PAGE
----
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If the current increases to 2 knts

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Originally Posted by obthomas View Post
Or...... you could use velocity pressure which is calculated using the speed of the water in feet per second pushing against the side of the boat. There would need to be an adjustment for the dead rise that is not perpendicular to the water flow. The calculation would go something like this. 1/2(V^2)x 32ft/sec/sec x .433 One knot is about 1.69 ft/sec so the above says that there is about 2.78 pounds per square foot against the side of the boat if I done the math right.

O.B. Thomas, P.E.
Some of you jumped the gun, I'm getting around to wind and anchor angles. What I'm thinking about is what kinds of loads are possible to exert on an anchor while anchored cross current. The reason for anchoring in this manner would be do to prevailing winds and possible chop and ventilation advantages. This occurs often at the Mandeville cut fourth of July celebration. Usually there a number of anchor dragging and raft break ups in the wind and current. In fact I've bent an Anchor shank trying to anchor cross current here. So if we up the water speed to say 2 knts and Thomas is right in his math I believe the force cubes to 21.48 lb per square ft. Would that be right?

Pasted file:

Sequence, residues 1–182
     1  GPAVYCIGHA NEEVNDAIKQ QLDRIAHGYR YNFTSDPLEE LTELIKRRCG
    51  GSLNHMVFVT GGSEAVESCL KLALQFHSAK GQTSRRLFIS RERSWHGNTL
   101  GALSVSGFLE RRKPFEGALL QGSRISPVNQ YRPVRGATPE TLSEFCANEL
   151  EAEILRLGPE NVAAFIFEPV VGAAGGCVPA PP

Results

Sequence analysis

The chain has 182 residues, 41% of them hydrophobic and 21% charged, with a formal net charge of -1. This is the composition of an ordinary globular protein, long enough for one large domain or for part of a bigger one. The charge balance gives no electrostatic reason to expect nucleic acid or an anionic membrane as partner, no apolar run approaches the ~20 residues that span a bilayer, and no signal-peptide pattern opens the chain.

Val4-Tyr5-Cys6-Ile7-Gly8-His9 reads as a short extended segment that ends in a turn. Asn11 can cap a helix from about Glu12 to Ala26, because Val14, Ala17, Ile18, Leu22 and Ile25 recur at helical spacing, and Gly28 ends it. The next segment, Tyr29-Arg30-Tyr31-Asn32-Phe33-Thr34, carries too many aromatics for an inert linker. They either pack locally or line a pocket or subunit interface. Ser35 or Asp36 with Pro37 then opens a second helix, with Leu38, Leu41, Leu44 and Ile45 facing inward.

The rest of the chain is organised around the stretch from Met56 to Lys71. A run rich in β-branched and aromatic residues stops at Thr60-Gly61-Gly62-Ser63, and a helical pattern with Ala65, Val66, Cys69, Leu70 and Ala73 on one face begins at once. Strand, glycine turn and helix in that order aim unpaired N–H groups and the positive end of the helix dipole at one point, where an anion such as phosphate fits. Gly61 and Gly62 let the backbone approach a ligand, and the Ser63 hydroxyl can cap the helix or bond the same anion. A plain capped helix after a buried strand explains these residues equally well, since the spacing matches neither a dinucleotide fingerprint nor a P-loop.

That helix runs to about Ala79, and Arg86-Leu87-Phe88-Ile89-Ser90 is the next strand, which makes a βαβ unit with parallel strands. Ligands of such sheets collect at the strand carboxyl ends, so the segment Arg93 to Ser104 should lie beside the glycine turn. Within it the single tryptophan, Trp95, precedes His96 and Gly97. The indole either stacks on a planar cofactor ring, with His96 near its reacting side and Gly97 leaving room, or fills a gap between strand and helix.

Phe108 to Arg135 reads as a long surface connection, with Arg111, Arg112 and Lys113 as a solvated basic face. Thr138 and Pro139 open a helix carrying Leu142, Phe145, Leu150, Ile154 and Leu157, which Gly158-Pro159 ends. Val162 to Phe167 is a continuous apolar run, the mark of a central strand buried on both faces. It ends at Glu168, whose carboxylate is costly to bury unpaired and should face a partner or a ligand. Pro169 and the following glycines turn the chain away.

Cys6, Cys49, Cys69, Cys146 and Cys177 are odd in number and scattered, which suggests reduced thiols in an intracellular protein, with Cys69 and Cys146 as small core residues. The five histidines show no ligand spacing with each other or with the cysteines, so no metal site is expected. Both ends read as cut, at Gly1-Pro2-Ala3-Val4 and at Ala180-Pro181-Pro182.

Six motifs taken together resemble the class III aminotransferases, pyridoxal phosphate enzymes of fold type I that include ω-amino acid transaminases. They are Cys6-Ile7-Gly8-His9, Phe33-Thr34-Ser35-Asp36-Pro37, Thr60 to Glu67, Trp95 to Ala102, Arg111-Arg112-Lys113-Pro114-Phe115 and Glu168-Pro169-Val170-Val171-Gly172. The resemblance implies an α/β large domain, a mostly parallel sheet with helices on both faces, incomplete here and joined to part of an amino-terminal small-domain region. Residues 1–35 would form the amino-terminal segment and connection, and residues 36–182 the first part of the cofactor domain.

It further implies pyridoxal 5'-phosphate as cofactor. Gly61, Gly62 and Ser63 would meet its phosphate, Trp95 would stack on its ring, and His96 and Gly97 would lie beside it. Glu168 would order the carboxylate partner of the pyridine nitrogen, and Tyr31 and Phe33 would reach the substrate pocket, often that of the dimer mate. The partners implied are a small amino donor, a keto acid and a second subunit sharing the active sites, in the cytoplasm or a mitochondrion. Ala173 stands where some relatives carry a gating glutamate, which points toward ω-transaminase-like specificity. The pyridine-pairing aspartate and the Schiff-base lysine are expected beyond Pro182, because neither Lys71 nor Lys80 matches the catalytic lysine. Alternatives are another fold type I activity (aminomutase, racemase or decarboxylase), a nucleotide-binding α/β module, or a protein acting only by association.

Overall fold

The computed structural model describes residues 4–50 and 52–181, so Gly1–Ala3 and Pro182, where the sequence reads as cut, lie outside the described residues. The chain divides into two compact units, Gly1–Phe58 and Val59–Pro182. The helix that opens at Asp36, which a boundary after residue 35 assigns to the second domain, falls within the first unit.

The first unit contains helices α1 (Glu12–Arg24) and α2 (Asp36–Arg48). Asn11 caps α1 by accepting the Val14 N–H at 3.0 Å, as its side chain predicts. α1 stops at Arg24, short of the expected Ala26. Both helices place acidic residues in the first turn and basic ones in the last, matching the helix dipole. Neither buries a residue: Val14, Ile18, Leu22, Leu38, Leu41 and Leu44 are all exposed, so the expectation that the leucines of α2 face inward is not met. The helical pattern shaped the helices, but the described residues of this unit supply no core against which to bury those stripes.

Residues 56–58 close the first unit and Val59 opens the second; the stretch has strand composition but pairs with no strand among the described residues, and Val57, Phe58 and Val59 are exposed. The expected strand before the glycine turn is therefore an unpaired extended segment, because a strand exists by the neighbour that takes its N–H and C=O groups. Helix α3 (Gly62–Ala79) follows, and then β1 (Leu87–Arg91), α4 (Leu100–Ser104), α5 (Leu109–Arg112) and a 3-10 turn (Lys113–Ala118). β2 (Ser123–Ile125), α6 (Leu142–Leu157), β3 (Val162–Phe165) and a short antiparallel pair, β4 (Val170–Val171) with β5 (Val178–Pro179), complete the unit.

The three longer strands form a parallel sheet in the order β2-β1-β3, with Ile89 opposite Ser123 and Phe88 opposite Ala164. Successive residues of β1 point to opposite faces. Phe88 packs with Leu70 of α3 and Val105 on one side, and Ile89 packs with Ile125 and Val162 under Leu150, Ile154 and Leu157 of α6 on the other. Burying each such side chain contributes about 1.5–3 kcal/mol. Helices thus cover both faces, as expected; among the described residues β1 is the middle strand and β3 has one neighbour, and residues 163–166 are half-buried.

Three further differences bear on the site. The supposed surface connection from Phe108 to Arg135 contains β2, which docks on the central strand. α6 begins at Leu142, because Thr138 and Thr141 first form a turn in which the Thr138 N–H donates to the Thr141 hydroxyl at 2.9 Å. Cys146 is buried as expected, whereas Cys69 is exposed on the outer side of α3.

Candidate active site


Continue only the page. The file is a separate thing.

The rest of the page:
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Old 07-13-2015, 06:54 PM   #16
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Read 4th of July Mandeville

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I'm more interested in your opinion after the fourth.
Under gasp anchoring read 4rth of July mandeville.
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Old 07-13-2015, 06:55 PM   #17
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Your anchor winch probably couldn't hold the rode's straight but if they could the tension on the lines would probably be so much that only a 500lb Navy anchor could hold it.

Give us a real world 1' of drift (or an angle of 10 degrees) and numbers could be generated.
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Old 07-13-2015, 06:57 PM   #18